Can we really expect to emit 577 billion tons of CO2 and not cause major problems for the earth's climate? That is the amount of CO2 humans have put into the earth's delicately balanced atmosphere since the dawn of the industrial age. It has warmed the earth in ways that has increased moisture in the air and raised sea levels. The connection between CO2 emissions and extreme weather is today indisputable.
Extreme weather events (EWEs) are linked to emissions levels, which are being driven upward by extreme energy. Tar sands oil, shale gas, and other `unconventional' fossil fuels are more polluting than conventional fossil fuels. Together, these fuels continue to meet the bulk of the worlds growing energy demand. Yes, renewable energy is growing too - but it is not displacing fossil-based power. Levels of coal, oil and gas consumption are rising globally. Coal use has risen a staggering 60% since year 2000, according to the International Energy Agency. If present trends continue, the world is looking at somewhere between 3.7 and 4 degrees Celsius of global warming by year 2100.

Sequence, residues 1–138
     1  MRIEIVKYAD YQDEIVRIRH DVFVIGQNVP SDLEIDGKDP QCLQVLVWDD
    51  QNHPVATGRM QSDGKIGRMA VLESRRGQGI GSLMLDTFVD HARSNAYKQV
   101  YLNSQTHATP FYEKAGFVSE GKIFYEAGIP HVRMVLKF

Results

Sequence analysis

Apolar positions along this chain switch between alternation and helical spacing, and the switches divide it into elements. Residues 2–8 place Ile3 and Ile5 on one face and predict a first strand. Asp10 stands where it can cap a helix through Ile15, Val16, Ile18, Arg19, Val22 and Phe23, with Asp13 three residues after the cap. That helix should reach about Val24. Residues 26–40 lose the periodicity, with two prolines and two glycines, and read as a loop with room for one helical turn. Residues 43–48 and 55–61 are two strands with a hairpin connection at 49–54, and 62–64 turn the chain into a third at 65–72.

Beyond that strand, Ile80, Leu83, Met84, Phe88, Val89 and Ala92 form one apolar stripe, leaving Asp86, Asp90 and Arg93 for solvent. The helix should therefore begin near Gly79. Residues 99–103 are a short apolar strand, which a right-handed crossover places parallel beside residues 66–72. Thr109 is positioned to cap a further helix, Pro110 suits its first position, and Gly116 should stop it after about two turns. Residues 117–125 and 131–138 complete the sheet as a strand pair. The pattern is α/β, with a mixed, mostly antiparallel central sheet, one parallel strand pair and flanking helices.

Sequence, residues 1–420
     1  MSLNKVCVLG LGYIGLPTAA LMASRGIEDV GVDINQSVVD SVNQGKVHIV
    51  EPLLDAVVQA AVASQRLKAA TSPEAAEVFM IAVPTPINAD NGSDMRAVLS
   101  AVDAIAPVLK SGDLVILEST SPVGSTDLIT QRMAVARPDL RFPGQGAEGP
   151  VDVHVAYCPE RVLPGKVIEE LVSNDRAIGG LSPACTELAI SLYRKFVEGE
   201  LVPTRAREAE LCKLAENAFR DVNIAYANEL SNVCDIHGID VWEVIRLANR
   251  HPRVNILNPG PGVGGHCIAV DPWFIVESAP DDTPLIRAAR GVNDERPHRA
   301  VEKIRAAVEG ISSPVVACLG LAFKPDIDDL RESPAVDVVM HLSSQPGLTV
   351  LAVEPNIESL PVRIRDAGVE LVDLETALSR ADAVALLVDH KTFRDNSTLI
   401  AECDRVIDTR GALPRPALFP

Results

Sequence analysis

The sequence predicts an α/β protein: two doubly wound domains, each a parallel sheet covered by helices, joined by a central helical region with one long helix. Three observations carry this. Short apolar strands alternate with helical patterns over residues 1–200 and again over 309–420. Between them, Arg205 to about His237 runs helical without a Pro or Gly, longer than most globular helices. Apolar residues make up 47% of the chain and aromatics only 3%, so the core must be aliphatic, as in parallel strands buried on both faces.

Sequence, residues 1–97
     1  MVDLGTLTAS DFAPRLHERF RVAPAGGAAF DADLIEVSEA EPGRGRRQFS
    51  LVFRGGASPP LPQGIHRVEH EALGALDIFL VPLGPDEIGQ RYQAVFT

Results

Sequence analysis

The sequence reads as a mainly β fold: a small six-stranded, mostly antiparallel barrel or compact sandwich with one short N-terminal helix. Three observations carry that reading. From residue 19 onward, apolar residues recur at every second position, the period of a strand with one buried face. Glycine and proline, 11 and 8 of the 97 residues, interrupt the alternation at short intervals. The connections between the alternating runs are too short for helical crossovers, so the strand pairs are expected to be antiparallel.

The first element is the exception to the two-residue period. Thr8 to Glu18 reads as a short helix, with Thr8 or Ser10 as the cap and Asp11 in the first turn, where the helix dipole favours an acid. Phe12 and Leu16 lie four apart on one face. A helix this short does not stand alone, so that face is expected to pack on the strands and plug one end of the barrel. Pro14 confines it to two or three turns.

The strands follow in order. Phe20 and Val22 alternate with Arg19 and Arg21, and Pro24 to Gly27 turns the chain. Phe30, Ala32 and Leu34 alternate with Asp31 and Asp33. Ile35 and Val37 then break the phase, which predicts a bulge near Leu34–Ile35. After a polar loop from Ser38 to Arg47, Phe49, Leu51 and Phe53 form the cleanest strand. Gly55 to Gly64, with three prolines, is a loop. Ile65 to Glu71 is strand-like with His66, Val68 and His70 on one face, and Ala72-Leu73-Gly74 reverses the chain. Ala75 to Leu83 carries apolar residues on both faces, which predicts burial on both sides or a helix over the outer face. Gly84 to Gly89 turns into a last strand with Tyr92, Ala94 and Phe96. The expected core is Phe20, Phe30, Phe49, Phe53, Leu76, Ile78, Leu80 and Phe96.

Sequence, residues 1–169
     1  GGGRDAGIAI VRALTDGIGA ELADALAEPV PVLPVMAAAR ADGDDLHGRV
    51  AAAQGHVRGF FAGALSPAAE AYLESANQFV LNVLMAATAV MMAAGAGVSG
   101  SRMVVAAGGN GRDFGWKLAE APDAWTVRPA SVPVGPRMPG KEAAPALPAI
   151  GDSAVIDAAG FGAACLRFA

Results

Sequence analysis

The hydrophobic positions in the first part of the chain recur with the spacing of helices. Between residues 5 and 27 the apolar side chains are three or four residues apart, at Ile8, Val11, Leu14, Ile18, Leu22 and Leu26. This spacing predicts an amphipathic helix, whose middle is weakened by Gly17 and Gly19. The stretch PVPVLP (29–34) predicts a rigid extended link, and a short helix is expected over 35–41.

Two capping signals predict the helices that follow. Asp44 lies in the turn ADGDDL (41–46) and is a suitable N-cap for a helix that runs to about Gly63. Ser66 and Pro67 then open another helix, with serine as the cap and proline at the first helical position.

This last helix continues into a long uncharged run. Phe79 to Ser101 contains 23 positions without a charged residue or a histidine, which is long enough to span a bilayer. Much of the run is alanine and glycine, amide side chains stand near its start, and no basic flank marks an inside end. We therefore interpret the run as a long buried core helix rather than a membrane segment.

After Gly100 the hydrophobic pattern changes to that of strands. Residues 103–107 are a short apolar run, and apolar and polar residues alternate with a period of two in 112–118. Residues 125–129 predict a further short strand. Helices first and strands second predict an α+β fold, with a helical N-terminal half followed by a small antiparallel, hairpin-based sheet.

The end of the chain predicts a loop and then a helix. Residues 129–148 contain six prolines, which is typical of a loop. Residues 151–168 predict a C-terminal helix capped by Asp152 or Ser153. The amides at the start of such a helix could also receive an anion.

Read more >> https://portside.org/2014-02-24/577-billion-ways-extreme-weather-and-extreme-energy-are-connected